Timothy hay growers in New Jersey should begin scouting for cereal rust mites, says Bill Bamka, ag agent with Rutgers University Extension in Burlington County.
Bamka began receiving reports of the mites in hayfields in the southern part of the state early last week. He notes that cereal rust mites can reduce yields by 30-70% and can also discolor the hay, making it less marketable.
A Rutgers fact sheet advises growers to use a 20X hand lens to scout for eggs and juvenile mites. “Carefully inspect each leaf blade, paying particular attention to the areas in between the leaf veins,” the fact sheet reads. “Since mites migrate primarily by wind movement, repeated trips to each field are recommended before first cutting.”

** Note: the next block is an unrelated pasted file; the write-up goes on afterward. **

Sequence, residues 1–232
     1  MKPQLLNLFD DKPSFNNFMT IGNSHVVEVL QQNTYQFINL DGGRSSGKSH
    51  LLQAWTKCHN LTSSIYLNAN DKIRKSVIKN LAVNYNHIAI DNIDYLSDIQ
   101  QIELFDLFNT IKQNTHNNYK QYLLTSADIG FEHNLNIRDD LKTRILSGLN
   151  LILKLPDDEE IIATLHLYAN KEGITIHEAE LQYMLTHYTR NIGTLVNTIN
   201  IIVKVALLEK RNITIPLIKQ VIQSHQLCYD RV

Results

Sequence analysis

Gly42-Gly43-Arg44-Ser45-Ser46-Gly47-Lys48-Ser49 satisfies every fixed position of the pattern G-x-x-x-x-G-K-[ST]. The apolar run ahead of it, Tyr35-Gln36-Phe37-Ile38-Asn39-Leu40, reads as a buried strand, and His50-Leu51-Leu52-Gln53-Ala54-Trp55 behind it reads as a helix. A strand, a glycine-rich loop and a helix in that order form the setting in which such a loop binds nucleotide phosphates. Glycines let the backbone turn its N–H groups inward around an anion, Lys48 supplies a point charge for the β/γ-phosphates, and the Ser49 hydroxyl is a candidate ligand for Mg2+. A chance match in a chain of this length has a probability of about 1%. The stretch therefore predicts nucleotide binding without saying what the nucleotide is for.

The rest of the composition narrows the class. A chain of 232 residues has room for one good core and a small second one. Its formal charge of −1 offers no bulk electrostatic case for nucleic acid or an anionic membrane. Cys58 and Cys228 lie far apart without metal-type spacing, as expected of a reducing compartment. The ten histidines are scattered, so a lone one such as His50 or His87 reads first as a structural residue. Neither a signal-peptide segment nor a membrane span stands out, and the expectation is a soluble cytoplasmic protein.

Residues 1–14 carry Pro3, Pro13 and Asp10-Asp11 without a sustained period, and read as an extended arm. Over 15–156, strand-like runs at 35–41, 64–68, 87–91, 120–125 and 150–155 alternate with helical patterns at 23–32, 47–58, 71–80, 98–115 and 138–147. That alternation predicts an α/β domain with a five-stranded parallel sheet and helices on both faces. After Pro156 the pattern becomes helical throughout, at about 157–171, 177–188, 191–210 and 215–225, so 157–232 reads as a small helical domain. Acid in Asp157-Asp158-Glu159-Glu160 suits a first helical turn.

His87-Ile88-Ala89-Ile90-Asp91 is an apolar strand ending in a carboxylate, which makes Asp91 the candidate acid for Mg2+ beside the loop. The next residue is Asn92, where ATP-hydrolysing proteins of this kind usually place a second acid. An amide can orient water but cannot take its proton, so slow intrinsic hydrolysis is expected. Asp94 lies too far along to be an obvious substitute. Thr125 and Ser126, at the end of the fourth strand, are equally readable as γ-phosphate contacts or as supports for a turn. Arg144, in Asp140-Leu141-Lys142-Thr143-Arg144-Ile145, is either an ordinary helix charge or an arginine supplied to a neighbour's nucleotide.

It notes that there are no established economic threshholds for the pest. But treatment is recommended in fields with a previous history of cereal rust mites and/or when 25% of the plant tillers exhibit curled tips on the new leaf blades within several weeks after green-up. Treatment options in New Jersey include chemical control with Sevin XLR Plus and mechanical control via close mowing in late fall or early winter.
“While there is some evidence that close mowing in early spring may lower mite numbers by reducing the leaf area available for egg deposition, the practice could also reduce early season vigor,” the fact sheet warns.